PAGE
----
updated 09:45 am EST, Mon January 19, 2009
First Look iWork.com
The iWork suite may be good, but it's not the most popular office suite for the Mac; many Mac users are forced to use Microsoft Office to maintain file compatibility with Windows counterparts. To improve iWork's file sharing capabilities, Apple is now beta-testing an online sharing site dubbed iWork.com.
The main idea behind the site is to allow users of Pages, Numbers, or Keynote to post their documents online. As a result, anyone with a browser -- including Windows and Linux users -- can view files, leave comments, and download items as well. Posting a file first requires an Apple account, which you probably already have if you've ever downloaded music from the iTunes Store, or set up a MobileMe account. If not, creating an account is free.
There are two ways to post a file: clicking on the iWork.com icon in a toolbar, or choosing the Share via iWork.com command. After entering your Apple address and password, a dialog box pops up so you can send an e-mail message (using Mail) to inform others that your document is available for viewing.
Within the dialog you can also define whether others will have permission to add comments or download a file. If you allow downloading, you can specify one of several file formats: iWork '08 and '09, Microsoft Office (e.g. Word or Excel) or PDF.
To view a document, other users must receive a browser link via e-mail. No one can edit a document online, so you don't have to worry about total strangers messing things up; a password or other security measure would be nice, however, to ensure that a link can only be opened by the person originally authorized for it.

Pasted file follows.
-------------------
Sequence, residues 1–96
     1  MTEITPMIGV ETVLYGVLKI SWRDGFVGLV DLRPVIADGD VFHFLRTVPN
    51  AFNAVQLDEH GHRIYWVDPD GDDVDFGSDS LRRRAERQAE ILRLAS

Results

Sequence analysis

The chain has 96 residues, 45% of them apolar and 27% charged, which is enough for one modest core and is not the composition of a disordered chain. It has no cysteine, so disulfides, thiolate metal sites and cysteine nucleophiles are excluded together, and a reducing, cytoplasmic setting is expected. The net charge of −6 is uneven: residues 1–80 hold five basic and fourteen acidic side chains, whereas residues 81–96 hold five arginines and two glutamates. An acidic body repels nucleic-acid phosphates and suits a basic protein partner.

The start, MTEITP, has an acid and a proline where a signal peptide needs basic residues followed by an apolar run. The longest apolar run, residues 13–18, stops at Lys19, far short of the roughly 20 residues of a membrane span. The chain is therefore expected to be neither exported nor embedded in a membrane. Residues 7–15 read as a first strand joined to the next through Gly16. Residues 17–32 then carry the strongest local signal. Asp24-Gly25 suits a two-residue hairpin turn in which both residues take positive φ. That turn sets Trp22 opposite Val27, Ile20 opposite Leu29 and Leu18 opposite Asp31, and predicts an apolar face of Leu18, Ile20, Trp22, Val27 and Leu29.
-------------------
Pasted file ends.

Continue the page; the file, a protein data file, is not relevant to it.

This inability to edit online is a critical difference between iWork.com and Google Docs. To modify one of the former's documents, someone must download and resubmit. If multiple people grab and edit a file, you'll wind up with several different versions. By not allowing modifications, iWork forces users to leave comments so a single person can decide direction.
In testing, viewing documents through Internet Explorer in Windows Vista displayed an error message, warning that iWork.com only supports Firefox and Safari on the Windows platform. Documents loaded anyway though, so the warning is irrelevant. It's likely that Apple will include official support for Internet Explorer in the final version of the service.
The ability to download in Office or PDF formats ensures that people without iWork can collaborate. As with any file conversion, there will likely be minor incompatibility problems. Any features found in iWork that are unavailable in Office for example, such as Keynote's visual effects, won't appear in a converted file.
During its beta-testing phase, iWork.com is free to use. The service is fine on that basis, but when Apple announces the cost of the final version, it may be debatable as to whether it's worth paying for filesharing instead of true online collaboration. If you want a simple service that allows others to view and receive documents or provide feedback, you might find iWork.com intriguing.